Richard Newell, “A U.S. Innovation strategy for Climate Change Mitigation”

Newell here analyzes the market difficulties that act as barriers to climate change mitigation, along with the role played by science and technology innovation in the U.S., and outlines a plan to optimize federal investments in basic and applied research. Newell’s plan is fiscal in nature; he focuses directly on the question of how federal money should best be spent. He identifies as two main barriers to climate change mitigation efforts a lack of market incentive to adopt GHG-reducing technologies and the underfunding of basic research in industry due to difficulty in recouping such long-term, public-interest investments. Accordingly, he suggests that public policy directly tackle these obstacles: a demand for such technologies must be created via a strong, comprehensive GHG tax or cap-and-trade system; industry innovation incentives need to be strengthened in the form of permanent R&D tax credits; and direct public funding for target research (at universities and in the private sector) must be increased. Newell recommends that this last investment be gradually doubled from 2007 levels by 2016—to $8 billion per year. He emphasizes that the key to his proposal is the carrot and stick approach, for “R&D push without the pull of demand is like pushing on a rope.” (6) He also notes that the market itself cannot put a price on GHG emissions; need can only be created artificially through climate policy; but that the weak private sector investment in climate-friendly technology will be substantially altered, without direct public cost, by these policy changes.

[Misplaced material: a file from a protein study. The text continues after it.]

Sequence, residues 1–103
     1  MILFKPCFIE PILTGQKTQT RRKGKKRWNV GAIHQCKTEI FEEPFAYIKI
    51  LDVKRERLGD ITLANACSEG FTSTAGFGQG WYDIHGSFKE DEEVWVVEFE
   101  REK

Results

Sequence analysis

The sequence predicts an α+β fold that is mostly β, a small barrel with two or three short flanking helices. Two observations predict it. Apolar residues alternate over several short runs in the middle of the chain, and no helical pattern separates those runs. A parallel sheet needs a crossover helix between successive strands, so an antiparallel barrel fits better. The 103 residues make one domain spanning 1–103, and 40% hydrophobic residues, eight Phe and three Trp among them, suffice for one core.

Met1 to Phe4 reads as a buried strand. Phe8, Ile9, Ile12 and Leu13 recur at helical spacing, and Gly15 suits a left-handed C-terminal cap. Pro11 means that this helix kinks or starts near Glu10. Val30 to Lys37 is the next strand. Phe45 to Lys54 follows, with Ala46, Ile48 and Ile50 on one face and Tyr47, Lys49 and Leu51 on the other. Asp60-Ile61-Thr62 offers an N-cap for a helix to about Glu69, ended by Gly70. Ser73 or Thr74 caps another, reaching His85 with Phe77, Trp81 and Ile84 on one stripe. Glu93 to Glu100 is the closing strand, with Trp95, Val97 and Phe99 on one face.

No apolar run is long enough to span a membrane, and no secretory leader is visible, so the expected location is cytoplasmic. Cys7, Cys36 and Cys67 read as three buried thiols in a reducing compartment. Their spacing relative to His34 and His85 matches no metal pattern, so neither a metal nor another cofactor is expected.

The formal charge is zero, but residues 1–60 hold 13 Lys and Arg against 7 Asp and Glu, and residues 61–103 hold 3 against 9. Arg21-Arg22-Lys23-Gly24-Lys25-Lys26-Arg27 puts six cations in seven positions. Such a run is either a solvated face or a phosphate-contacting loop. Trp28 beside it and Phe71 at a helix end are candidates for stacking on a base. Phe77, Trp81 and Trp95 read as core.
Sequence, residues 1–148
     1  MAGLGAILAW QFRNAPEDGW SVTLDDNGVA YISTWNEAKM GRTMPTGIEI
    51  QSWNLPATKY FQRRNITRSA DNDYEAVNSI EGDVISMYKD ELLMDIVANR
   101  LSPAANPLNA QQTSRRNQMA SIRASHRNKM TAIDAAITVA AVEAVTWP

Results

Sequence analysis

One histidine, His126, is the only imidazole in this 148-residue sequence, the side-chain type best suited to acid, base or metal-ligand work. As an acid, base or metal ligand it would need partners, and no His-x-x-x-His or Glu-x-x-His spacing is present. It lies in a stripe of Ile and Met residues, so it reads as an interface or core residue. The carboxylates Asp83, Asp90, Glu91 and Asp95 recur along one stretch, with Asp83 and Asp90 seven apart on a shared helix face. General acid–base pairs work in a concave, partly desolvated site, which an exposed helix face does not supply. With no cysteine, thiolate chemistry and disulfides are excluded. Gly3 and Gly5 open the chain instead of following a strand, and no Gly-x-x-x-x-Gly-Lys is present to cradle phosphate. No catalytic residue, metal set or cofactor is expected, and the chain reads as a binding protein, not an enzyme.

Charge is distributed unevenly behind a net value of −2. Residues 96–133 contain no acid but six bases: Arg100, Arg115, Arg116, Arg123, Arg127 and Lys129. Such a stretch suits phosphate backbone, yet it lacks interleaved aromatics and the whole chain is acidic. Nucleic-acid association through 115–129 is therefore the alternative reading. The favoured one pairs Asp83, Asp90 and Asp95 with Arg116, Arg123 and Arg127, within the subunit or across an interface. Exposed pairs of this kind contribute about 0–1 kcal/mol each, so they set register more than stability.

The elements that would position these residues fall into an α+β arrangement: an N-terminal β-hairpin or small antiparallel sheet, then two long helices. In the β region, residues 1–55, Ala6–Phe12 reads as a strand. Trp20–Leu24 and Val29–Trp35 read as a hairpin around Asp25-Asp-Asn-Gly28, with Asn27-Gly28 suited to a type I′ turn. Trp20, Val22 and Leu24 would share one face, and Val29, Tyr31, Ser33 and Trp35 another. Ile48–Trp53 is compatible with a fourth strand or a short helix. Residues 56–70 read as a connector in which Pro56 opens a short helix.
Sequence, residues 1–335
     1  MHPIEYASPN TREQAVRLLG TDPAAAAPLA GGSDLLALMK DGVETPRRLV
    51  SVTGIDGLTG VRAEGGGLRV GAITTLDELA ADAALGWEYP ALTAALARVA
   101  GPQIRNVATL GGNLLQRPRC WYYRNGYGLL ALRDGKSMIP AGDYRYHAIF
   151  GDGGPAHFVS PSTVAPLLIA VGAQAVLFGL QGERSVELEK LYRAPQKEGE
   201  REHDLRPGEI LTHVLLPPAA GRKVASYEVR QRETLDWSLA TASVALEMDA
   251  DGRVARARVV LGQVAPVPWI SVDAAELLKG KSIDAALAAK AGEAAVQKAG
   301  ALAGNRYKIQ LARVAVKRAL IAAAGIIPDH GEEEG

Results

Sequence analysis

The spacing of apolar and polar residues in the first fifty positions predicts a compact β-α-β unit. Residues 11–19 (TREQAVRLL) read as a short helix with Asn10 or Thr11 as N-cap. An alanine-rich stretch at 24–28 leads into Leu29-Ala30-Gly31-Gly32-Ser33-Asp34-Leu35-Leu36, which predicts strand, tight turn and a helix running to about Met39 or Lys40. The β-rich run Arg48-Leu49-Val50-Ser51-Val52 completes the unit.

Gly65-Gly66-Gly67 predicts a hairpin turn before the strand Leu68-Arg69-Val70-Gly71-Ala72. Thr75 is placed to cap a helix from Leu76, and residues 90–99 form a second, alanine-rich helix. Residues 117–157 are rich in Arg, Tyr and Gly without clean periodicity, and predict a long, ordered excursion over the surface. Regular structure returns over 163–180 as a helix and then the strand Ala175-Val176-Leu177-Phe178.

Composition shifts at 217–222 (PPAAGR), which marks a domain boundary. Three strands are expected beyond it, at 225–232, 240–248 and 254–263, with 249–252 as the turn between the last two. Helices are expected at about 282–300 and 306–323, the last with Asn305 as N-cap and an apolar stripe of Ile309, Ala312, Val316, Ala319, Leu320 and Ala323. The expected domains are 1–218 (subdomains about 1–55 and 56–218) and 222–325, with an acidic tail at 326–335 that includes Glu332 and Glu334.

Newell also emphasizes targeting strategic, or “use-inspired” research, as opposed to pure basic research, which is decoupled from foreseeable application in the marketplace on one hand, and pure applied research on the other. He believes that the focus needs to be explicitly on research “inspired and guided by practical needs related to GHG mitigation.” (18) That is, research that is basic in nature (for this is what industry habitually underfunds) but directed at a specific set of goals. Newell also recommends implementing, through the Department of Energy, a set of industry inducement prizes (similar to the recent X-prizes). This is consistent with his call for a strategic implementation of inducements and targeted funding to address the gaps and weaknesses in private sector research, while simultaneously generating market demand through tough climate policy.

-ZH

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